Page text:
I’ve lost friends over this because a denial of consciousness undermines a final refuge of the arrogance of selfhood: universal consciousness. But even most normal people are strongly insistent that consciousness is a real thing, a special thing, and that they possess it. The problem I have is that there’s not only no evidence for it, but what people seem to be referring to as consciousness is explainable as an effect no more unusual, no less materialistically explainable, than water flowing downhill…
Rather than jumping to the conclusion that this body has a soul and/or that somehow this “I am,” this feeling of something being separate, is somehow special and unique, worthy of a the magical idea of “consciousness,” why should we not apply Occam’s razor. I think that, especially in light of the progress made in machine intelligence, it’s far simpler to conjecture that what we call consciousness is just the dry output of another, slightly more complex, mechanism.
We can start with any less intelligent system and add to it a mechanism that can monitor and detect an apparent grouping of intelligent behavior. That mechanism can notice that the overall system seems to have autonomy in the same way that the simpler sub-system can recognize a particular face. At some level of complexity, and ability to self-reference, the system will inevitably claim that “I am,” and also, hopefully, that “you are too.” There’s no doubt in my mind that this is going to happen.Duncan Riach, “Why I Don’t Believe in Consciousness and what AI seems to be revealing about it” at Medium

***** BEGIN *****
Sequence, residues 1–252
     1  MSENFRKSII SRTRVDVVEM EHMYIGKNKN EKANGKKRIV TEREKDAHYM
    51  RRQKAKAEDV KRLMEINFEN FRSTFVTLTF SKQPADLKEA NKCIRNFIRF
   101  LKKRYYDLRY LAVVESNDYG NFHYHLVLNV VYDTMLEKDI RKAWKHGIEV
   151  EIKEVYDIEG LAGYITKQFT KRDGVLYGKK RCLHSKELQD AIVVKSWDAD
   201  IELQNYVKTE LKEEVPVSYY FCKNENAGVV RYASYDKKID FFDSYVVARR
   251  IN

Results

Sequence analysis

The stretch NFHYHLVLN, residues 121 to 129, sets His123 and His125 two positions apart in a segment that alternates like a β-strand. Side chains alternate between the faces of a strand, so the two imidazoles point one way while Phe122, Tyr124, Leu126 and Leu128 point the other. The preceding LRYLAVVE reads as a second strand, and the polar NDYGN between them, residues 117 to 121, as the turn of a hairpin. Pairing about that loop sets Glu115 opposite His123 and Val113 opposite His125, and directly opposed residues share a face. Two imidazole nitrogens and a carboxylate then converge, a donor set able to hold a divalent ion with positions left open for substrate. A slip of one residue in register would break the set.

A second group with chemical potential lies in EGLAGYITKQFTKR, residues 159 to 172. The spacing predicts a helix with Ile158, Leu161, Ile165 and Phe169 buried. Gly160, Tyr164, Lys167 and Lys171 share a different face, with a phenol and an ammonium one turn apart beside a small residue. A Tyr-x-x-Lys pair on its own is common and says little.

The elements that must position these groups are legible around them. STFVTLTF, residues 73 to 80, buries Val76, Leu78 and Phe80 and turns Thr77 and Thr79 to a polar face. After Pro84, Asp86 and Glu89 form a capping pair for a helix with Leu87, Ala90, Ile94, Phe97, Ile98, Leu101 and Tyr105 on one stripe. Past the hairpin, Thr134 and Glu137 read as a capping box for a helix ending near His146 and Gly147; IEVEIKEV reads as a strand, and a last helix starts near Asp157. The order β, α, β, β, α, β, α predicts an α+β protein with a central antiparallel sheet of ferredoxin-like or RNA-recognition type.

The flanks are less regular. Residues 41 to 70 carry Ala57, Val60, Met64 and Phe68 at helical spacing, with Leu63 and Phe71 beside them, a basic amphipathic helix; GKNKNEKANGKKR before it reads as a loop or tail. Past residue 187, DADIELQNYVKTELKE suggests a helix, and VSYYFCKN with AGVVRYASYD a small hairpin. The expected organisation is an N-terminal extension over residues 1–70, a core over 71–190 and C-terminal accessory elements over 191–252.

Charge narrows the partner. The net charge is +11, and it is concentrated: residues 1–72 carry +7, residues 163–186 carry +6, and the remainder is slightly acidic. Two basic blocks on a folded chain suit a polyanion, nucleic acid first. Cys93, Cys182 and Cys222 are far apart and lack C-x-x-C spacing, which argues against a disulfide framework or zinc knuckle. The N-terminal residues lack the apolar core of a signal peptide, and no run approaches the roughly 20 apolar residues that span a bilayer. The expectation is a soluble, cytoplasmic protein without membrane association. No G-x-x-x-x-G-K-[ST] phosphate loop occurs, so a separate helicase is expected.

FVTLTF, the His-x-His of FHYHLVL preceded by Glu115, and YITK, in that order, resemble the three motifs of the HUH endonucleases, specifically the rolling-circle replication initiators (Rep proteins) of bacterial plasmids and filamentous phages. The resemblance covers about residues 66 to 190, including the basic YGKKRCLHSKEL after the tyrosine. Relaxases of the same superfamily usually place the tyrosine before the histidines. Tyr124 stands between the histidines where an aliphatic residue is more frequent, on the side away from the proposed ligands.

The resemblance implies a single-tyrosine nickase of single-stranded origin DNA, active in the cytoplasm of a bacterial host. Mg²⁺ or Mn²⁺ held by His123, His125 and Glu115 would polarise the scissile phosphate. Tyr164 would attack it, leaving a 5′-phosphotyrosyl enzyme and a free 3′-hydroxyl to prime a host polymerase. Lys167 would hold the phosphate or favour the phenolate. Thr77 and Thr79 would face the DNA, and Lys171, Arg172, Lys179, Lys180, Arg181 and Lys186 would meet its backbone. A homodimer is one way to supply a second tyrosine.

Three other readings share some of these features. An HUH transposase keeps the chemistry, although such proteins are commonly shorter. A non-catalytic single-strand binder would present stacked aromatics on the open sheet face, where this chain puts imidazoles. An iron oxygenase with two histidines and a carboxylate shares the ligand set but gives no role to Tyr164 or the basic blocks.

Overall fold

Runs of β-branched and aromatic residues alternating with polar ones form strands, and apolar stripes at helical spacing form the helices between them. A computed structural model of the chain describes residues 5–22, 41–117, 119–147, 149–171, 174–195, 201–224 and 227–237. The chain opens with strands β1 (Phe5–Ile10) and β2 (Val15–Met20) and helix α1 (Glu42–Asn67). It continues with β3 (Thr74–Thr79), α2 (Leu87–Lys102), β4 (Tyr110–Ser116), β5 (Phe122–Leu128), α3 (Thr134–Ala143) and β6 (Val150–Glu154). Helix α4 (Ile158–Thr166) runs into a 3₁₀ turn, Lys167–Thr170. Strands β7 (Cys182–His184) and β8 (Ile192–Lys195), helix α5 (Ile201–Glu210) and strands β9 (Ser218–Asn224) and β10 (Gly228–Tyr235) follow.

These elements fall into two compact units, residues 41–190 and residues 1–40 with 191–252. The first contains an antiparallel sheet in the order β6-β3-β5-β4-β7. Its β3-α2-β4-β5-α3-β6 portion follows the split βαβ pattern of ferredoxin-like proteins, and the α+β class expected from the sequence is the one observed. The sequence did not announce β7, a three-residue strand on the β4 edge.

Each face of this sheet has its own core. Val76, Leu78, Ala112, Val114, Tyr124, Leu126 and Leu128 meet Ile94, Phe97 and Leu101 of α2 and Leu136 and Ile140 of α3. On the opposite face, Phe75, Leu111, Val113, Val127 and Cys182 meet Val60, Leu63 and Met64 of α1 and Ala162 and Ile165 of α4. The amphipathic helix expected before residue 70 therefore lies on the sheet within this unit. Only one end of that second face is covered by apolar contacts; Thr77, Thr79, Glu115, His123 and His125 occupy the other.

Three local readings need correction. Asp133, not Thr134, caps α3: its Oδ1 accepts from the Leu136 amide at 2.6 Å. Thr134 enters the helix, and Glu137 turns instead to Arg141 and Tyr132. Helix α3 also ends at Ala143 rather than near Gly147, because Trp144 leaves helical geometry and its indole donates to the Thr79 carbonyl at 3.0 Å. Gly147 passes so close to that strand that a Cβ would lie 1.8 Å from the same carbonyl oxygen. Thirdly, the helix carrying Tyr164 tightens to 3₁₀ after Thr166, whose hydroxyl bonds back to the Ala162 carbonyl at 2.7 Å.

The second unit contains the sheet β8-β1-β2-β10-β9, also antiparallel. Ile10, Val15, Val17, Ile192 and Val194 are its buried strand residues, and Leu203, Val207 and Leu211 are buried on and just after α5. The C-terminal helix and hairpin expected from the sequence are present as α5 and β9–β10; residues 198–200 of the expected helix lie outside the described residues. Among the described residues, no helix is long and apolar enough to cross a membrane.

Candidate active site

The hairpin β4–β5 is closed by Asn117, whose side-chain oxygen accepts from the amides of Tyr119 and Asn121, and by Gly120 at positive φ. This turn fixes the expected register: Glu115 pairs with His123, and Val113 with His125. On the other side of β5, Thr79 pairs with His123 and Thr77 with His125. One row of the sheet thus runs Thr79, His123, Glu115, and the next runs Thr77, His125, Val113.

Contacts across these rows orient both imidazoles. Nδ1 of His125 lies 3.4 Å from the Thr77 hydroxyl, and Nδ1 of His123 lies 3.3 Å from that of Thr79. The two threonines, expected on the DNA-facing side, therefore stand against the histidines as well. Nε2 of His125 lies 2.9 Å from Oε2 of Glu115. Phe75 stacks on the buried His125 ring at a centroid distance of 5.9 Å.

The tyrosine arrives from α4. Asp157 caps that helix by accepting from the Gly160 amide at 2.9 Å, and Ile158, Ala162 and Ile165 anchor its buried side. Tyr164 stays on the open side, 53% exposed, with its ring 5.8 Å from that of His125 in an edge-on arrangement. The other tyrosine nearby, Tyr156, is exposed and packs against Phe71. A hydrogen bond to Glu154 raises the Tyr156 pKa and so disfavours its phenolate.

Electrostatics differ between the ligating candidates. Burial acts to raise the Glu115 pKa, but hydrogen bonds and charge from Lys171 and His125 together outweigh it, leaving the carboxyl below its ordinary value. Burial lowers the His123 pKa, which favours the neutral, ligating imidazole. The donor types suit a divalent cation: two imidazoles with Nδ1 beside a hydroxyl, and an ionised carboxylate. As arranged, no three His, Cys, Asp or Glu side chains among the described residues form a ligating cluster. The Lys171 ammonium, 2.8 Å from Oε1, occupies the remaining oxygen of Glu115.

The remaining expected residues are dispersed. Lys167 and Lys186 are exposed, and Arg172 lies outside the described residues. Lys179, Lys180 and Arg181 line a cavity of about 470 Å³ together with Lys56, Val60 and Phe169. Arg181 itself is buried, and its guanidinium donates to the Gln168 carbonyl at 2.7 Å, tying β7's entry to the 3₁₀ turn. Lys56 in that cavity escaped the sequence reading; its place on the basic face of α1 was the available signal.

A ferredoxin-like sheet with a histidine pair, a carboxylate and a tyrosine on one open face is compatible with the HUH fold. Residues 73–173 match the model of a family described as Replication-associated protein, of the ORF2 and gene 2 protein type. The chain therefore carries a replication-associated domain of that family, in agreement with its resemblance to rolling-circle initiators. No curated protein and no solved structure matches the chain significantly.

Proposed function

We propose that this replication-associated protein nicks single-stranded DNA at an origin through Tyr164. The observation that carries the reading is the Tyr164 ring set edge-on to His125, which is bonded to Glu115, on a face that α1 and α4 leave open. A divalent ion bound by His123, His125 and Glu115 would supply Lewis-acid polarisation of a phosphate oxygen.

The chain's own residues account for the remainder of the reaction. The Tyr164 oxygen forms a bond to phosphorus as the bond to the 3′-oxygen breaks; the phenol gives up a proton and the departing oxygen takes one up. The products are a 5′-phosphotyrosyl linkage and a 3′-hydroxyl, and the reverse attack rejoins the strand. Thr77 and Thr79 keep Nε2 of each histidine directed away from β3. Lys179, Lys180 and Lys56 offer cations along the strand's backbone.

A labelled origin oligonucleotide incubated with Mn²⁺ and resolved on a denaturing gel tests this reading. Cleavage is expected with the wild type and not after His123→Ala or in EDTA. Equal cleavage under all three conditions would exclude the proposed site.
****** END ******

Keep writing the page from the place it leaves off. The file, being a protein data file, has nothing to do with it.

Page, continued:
When Riach says that “there is no doubt in my mind,” he is himself acting on a classical aspect of consciousness: faith. He has a mind and it can form a vision of reality he would very much like to be true—that the machine will suddenly come to life.
The machine will not, of course, do this because the machine will not have any faith or a vision he did not give it. The final level of complexity is immaterial.
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